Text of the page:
The smoke still lies thick around Central World

The pieces are still scattered as to what happened and who bears responsibility for the fire that burned down the Central World shopping complex and the search for truth in the ashes of last year’s protest continues in Bangkok South Criminal Court. 

Shackled and imprisoned for over a year, Pinit Channarong, a 27-year-old red-shirt protestor, and Saichon Paebua, a 29-year-old UDD guard, are currently being shoved between prison cells and court rooms, awaiting an eventual judgment which, if they are found guilty, might possibly be a death sentence.

The defendants are two of the four people accused of being responsible for the May 19 arson attack on Central World last year. The two others, Padsakorn Chaisrithao and Attaporn Wannato, both 18 years old, were released on bail shortly after their arrest in May last year and are currently being tried at the Central Juvenile Court, Bangkok.

Both Mr. Pinit and Mr. Saichon have been denied bail since their arrest in May 2010. The charges were significantly increased from arson causing criminal damage to arson causing death, contrary to Section 224 of the Criminal Code, when one man was held to have died in the flames. If convicted under this section, the sentence is either lifetime imprisonment or death.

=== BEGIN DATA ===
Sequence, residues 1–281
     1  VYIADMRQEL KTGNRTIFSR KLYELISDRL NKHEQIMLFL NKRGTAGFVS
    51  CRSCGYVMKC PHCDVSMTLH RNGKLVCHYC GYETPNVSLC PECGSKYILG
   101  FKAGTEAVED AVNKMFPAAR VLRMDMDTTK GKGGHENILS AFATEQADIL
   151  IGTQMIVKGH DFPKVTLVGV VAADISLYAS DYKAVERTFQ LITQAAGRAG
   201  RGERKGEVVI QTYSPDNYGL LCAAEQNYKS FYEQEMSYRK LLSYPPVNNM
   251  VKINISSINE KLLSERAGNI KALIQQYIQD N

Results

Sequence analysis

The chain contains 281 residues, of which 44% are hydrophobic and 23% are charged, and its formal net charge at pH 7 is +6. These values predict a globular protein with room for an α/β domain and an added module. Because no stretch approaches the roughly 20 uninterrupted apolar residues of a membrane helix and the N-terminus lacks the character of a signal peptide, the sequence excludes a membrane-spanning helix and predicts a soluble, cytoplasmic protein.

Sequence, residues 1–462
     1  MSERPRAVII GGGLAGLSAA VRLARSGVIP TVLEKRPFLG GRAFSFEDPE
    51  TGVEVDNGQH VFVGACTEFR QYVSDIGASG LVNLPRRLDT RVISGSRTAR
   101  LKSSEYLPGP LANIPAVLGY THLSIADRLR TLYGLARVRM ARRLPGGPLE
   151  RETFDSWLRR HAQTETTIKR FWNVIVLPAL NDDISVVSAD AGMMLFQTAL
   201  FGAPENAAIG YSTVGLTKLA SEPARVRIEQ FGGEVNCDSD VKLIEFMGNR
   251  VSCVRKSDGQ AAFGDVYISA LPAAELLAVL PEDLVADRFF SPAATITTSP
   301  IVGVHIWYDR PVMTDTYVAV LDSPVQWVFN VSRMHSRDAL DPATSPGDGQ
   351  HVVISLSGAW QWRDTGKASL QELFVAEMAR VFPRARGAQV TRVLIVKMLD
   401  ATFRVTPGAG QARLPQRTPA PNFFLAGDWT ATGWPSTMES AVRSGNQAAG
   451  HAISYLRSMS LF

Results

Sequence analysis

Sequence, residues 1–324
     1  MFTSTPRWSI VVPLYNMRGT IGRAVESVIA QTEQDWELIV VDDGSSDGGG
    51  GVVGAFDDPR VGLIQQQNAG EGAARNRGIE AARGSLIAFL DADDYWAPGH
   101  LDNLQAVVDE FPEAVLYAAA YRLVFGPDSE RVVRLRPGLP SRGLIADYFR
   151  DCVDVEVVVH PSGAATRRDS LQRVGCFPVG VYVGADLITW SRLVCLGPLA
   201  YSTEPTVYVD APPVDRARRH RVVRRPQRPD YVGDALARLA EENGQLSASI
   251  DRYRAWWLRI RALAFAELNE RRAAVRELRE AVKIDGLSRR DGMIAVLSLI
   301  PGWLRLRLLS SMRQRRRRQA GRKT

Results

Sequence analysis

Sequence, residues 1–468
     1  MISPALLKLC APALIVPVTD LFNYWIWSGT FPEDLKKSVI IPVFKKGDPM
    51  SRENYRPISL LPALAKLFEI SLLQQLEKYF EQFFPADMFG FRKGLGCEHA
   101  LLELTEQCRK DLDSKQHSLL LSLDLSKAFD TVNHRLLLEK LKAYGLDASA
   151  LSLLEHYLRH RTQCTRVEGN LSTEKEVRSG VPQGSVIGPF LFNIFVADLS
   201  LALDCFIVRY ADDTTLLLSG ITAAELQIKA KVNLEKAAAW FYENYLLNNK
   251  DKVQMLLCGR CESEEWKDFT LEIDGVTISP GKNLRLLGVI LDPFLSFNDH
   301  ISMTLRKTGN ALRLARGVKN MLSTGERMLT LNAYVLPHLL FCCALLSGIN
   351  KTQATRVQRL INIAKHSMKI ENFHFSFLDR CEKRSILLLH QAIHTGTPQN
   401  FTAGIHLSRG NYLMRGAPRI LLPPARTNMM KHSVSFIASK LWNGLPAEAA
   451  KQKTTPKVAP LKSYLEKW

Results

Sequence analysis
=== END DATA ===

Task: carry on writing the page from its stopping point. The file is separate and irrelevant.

On July 12, 2011, video evidence was presented in court by the public prosecutor. The first witness called was Anond Khempetch, in charge of the CCTV at the time of the fire. However, he failed to identify the defendants since the people in the videos were disguised.

The prosecution called three more witnesses to testify on July 19, one of them being Choophan Anongjanya, assistant area manager of Central World. None of these witnesses pointed out the defendants either, and according to The Nation, Mr. Choophan said that he did not know who is behind the fire, adding that “no one really does”.

Mr. Pinit explained that he was arrested along with nine other people around the Central World parking area. However, among those people, Mr. Pinit, strangely, was the only one charged with both arson and looting while the others were accused of looting alone.

Yesterday (July 26) the assistant area manager, Mr. Choophan, appeared in court again and testified that he does remember seeing Mr. Pinit, but only in regards to being arrested for robbery, not the arson attack.

According to The Nation, the military told Mr. Choophan that the body of the man who was said to have died in the flames was subject to investigation and therefore no one working at the centre was allowed to see the body.

Another point of suspicion in this case is the complexity of the fire and how it was possible for the defendants to start it. How this can be proven without a detailed forensic investigation into the exact causes of the fire seems impossible.

Similarly, the fact that none of the witnesses so far called by the prosecution have been able to point out the defendants as setting fire to the building leaves the fundamental presumption of innocence far from rebutted beyond reasonable doubt by the prosecution. However, according to The Nation, the prosecutor remains confident that he will be able to prove both defendants guilty of at least contributing indirectly to the arson.

The hearing of witnesses continues. So does also the restoration of Central World. And as Central World rises from the ashes in a massive reconstruction, the question is whether or not justice will do the same.

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